• systemic risk: The risk that the failure of one financial institution could cause other interconnected institutions to fail…and thus harm the economy as a whole

• underwater: A mortgage loan for which more is owed than the property securing the loan is worth

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Thursday, August 23, 2012

HIGGS BOSON: A Failure to Communicate

Illustration by Moonrunner Design Ltd., NationalGeographic

Scientists may be ecstatic about the Higgs Boson particle, which has been described as “the biggest scientific discovery of the 21st Century.  Period.”  But how many average people actually have a clue what it is?

I was interested to read an op-ed in Forbes ( by Ainissa Ramirez, a Yale University materials scientist and “science evangelist.” 

She says that the discovery of Higgs Boson is a “up there with Copernicus.  If we did not find the Higgs Boson, everything that we understood about how the universe works would have been wrong.”  Meanwhile, “the rest of society is trying to figure out why this is a big whoop.”

Ramirez thinks “the nerds got it wrong by not inviting everyone to the party. The biggest discovery of the 21st century may actually widen the gap between scientists and the general public.”

I found one outstanding explanation of Higgs Boson in The Daily Beast (  It was written by Daniel Stone, who is not a physicist (he’s Newsweek’s White House correspondent), although he is clearly a smart guy who’s familiar with complex issues, as he also covers national energy and environmental policy.

Stone describes the Higgs Boson thusly:   “Imagine a set of Legos.  As any 8-year-old knows, with Legos you can build anything:  a castle, a race car — hell, even an aircraft carrier. But until now, Legos are the smallest building blocks we’ve ever known about.  What if we could get even smaller? What if we could deconstruct a Lego block into more fundamental parts: the plastic, the adhesives, the coloring agent.  That coloring dye, in essence, is the Higgs Boson, something we’ve never seen before in a raw state. Except in this case, it would help explain some fundamental qualities about the universe, such as how it formed, why everything in it has the shape it does, and how much about our universe we still don’t know.”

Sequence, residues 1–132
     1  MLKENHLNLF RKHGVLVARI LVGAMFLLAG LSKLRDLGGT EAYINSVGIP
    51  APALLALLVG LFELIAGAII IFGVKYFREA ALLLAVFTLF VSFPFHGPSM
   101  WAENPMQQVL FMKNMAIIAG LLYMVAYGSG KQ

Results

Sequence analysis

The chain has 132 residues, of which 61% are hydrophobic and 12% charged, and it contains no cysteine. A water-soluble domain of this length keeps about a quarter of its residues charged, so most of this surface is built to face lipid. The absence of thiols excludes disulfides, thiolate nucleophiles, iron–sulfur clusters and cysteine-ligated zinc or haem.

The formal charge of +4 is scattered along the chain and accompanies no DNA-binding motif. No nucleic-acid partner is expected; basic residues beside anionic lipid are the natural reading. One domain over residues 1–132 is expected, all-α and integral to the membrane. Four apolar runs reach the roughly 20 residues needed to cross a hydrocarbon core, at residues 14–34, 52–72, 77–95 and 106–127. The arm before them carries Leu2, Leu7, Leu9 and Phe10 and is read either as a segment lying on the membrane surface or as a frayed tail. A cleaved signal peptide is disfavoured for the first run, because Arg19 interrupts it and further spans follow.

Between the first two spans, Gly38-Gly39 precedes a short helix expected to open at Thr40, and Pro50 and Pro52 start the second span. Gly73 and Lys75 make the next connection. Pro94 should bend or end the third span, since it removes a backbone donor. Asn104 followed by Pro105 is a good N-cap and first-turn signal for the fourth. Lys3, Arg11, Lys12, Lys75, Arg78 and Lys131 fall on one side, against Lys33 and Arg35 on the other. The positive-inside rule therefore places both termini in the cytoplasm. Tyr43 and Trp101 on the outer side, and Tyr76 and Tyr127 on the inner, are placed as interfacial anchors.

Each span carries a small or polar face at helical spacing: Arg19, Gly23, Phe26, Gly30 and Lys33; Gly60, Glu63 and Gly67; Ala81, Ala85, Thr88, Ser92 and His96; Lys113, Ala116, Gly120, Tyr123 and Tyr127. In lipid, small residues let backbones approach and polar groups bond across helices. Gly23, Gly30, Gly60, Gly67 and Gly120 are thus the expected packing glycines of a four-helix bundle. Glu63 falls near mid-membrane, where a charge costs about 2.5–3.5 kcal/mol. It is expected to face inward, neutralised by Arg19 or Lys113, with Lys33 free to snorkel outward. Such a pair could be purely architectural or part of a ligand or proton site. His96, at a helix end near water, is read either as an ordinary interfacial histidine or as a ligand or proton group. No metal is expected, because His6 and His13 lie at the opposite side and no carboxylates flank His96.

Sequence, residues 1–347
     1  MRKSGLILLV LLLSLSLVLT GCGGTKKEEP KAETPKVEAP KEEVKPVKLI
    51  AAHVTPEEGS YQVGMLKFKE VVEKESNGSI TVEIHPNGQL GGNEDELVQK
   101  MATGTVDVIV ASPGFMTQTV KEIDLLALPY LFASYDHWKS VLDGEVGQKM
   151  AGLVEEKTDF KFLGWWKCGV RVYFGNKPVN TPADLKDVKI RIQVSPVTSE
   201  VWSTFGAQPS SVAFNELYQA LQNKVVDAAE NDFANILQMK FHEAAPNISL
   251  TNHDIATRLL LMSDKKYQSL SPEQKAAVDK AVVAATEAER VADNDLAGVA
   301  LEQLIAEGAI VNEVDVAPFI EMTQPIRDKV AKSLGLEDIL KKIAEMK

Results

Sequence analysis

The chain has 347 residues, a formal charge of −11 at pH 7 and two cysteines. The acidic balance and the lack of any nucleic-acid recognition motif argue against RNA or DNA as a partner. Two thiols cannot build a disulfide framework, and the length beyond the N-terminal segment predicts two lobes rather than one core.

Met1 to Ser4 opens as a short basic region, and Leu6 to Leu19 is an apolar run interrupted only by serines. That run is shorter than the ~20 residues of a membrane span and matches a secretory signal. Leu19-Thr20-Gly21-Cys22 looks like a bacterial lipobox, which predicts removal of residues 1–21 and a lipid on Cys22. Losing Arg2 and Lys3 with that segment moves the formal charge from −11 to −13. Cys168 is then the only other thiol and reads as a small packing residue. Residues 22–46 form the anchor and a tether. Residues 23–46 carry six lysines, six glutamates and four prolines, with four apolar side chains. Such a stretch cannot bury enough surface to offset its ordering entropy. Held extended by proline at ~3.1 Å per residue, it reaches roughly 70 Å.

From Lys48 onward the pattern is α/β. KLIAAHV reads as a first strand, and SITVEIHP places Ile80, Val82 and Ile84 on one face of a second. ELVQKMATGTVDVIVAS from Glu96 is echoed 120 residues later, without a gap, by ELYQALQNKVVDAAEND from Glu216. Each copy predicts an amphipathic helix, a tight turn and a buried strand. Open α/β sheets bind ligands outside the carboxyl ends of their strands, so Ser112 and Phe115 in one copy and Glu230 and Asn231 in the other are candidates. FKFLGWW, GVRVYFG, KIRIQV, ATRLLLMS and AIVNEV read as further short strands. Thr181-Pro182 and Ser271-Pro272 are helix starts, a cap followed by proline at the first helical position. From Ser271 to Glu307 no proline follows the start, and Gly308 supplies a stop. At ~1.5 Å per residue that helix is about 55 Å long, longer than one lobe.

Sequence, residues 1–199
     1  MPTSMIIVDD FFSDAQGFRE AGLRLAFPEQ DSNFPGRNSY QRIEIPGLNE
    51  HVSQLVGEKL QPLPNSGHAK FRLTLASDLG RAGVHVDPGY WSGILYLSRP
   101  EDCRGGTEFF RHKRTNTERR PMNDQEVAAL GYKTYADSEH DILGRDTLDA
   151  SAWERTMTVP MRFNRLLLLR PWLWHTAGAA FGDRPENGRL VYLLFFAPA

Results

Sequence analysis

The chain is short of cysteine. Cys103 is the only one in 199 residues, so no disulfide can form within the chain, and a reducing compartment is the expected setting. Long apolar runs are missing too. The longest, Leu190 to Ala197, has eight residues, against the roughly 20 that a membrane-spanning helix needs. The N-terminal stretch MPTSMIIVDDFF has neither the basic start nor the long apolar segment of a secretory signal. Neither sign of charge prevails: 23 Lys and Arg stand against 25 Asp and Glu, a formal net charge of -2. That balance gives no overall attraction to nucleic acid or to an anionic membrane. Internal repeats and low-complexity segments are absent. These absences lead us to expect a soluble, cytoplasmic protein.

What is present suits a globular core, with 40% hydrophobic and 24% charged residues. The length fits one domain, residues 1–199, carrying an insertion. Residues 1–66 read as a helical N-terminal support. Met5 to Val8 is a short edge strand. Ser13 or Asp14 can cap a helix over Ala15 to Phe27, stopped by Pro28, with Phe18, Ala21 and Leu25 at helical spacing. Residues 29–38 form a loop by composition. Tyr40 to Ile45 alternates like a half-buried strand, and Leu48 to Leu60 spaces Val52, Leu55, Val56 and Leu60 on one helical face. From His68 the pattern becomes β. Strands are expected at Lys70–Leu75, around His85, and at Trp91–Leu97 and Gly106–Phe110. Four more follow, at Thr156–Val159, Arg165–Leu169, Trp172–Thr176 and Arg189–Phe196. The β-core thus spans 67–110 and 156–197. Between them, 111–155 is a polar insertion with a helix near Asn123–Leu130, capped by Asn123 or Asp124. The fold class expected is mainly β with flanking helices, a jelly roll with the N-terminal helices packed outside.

Higgs Boson was discovered at the Geneva-based CERN (Conseil Européen pour la Recherche Nucléaire) laboratory, whose mission is to further human understanding of what makes the universe work, where it came from and where it’s going.  What could or should they have done differently? 

According to Ramirez, CERN should have hired a PR firm to develop a website for the general public on the Higgs Boson … or hired a TV personality to be a spokesperson … or produced educational videogames where the player makes his or her own Higgs Boson.  Maybe we in the public relations industry should have been proposing those ideas to CERN.

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Monday, August 20, 2012

Grammar Grows Up

When I was a kid, English teachers had two Golden Rules that we were not permitted to violate:  

1.  Never end a sentence with a preposition. 
2.  And never split an infinitive. 

We received a reprieve most of the time in colloquial English, but never in written English. 

Now, a recent op-ed in the UK-based Telegraph ( says that splitting infinitives is not just forgivable;  it is, in fact, “a sacred duty.”  Especially when not splitting the infinitive clouds the meaning of your communications.

Look, for instance, at the verb “double.”  Author Tom Chivers writes:  “If the quantity you are measuring more than doubles, where do you put your infinitive? … ‘We expect it more than to double’ or ‘We expect it to double more than’? The first is weird; the second is even weirder.”